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I set up a Java EE application using Tomcat 6, OpenEJB, Hibernate and MySQL pretty much in the way described here in Kevin's Blog.

When the application is started but not used no errors occur and the Java heap remains on a constant level on the average.

When users log in to the application (it's a shop), order some items the heap grows. The trouble is that heap size does not decrease to the the initial amount when users log off, sessions are invalidated and some time has passed. On the average every "log in - use - log off" leads to a larger heap size. Eventually an out of memory error occurs.

I analyzed a heap dump after some "log in - use - log off" cycles in Eclipse Memory Analyzer and the Leak Suspects Report reads as follows:

6.006 instances of "com.mysql.jdbc.JDBC4Connection", loaded by "org.apache.catalina.loader.StandardClassLoader @ 0x7fd69dea0410" occupy 275.287.584 (86,91%) bytes. These instances are referenced from one instance of "java.util.WeakHashMap$Entry[]", loaded by "system class loader"

Keywords com.mysql.jdbc.JDBC4Connection java.util.WeakHashMap$Entry[] org.apache.catalina.loader.StandardClassLoader @ 0x7fd69dea0410

Some more details:

I use the Apache TomEE - Pre-bundled Tomcat on an Ubuntu Linux 64 system. Java Version: 1.6.0_22 Openejb Version: 3.1.4 Tomcat Version: 6.0.0.29 MySQL Server Version: 5.1 Hibernate: Hibernate 3.2.1GA (including hibernate-3.2.1.ga, hibernate-annotations-3.2.1.ga, hibernate-entitymanager-3.2.1.ga)

My persistence.xml:

<?xml version="1.0" encoding="UTF-8"?> 
<persistence version="1.0" xmlns="http://java.sun.com/xml/ns/persistence" xmlns:xsi="http://www.w3.org/2001/XMLSchema-instance" xsi:schemaLocation="http://java.sun.com/xml/ns/persistence http://java.sun.com/xml/ns/persistence/persistence_1_0.xsd">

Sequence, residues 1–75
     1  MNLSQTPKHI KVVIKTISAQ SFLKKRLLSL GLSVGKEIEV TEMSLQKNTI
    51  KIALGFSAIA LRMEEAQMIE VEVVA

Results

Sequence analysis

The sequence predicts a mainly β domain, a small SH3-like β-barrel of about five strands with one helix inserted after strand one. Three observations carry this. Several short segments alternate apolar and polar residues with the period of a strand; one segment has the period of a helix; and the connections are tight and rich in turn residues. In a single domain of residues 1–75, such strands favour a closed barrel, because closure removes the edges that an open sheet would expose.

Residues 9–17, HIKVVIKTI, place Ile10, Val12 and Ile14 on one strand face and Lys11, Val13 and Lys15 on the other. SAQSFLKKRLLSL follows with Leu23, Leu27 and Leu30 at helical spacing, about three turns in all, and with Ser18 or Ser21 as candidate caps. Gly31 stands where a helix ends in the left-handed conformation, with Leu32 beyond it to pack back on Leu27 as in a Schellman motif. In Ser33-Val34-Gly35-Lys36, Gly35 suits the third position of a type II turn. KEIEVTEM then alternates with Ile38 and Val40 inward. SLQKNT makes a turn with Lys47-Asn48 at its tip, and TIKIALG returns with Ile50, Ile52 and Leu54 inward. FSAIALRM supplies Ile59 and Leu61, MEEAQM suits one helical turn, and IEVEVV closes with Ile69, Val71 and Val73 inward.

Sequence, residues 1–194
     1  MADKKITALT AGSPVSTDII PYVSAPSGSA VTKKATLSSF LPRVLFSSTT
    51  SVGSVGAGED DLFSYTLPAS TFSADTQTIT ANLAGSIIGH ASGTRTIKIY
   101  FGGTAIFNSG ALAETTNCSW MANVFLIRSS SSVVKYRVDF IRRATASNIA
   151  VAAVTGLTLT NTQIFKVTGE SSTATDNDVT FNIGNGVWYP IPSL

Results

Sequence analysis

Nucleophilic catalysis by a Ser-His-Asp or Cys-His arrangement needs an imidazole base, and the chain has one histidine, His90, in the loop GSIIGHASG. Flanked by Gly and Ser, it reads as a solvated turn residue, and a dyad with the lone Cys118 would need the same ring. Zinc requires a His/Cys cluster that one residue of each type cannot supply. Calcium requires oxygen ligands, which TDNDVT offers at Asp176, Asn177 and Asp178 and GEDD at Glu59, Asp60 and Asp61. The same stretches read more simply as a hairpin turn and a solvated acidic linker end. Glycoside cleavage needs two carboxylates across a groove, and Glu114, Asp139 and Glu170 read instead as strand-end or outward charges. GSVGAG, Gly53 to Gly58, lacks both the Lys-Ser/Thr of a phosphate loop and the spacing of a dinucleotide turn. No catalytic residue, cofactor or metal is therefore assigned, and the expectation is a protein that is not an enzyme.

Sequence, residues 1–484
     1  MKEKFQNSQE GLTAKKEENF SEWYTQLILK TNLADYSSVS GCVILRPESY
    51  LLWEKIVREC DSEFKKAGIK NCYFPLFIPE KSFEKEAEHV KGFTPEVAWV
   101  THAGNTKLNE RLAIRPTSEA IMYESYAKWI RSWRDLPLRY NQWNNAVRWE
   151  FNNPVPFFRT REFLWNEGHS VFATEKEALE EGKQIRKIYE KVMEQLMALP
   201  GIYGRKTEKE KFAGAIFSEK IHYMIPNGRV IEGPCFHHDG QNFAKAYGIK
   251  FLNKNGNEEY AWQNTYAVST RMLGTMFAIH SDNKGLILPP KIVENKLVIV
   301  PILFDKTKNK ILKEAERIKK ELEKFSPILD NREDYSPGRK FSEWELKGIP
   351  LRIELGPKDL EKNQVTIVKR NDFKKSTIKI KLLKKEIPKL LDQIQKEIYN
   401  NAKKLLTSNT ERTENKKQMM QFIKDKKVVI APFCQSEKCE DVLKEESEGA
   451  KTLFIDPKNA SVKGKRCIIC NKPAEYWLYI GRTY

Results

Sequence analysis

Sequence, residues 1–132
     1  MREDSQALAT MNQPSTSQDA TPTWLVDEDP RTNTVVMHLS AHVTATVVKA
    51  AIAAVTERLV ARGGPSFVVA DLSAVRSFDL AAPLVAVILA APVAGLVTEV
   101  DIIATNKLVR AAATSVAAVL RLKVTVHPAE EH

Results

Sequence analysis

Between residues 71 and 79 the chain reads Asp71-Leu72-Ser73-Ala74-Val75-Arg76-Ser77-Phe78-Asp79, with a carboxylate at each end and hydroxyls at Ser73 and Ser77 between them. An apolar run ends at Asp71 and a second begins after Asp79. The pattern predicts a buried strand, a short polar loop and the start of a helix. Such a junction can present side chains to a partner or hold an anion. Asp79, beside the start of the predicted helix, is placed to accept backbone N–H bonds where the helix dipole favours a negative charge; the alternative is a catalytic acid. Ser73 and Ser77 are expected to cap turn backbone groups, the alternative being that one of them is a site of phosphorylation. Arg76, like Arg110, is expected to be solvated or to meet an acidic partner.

<persistence-unit name="AppPersistenceUnit"> 
        <provider>org.hibernate.ejb.HibernatePersistence</provider> 
        <jta-data-source>appDataSource</jta-data-source> 
            <properties> 
                <property name="hibernate.hbm2ddl.auto" value="update" /> 
            </properties> 
    </persistence-unit> 
</persistence>

Resource entry in tomcat/conf/openejb.xml:

<Resource id="appDataSource" type="javax.sql.DataSource">
    JdbcDriver          com.mysql.jdbc.Driver
    JdbcUrl             jdbc:mysql://localhost:3306/appDB
    UserName            app
    Password            appPw
    JtaManaged          true
    DefaultAutoCommit   true
    InitialSize         3
    MaxActive           20
    MinIdle             20
    MaxIdle             0
    MaxWait             50000
    ValidationQuery     SELECT 1
    TestOnBorrow        true
    TestOnReturn        false
    TestWhileIdle       false
</Resource>

Abstract Generic Data Access Object:

package my.daoimpl;
import java.lang.reflect.ParameterizedType;
import javax.persistence.EntityManager;
import javax.persistence.PersistenceContext;

public abstract class AbstractGenericDAO<E, K> {

    private Class<E> classType;

    @PersistenceContext(unitName="AppPersistenceUnit")
    protected EntityManager em;

    @SuppressWarnings("unchecked")
    public AbstractGenericDAO() {
        ParameterizedType parameterizedType = (ParameterizedType) getClass()
                .getGenericSuperclass();
        classType = (Class<E>) parameterizedType.getActualTypeArguments()[0];
    }

    public void create(E e) throws Exception {
        em.persist(e); 
    }

    public E find(K k) {
        return em.find(classType, k);
    }

    public E update(E e) {
        return em.merge(e);
    }

    public void remove(E e) {
        em.remove(em.merge(e));
    }

}

Session Bean Data Access Object:

package my.daoimpl;
import javax.ejb.Stateless;
import my.PriceDAOLocal;
import my.Price;

@Stateless
public class PriceDAO extends AbstractGenericDAO<Price, Long> implements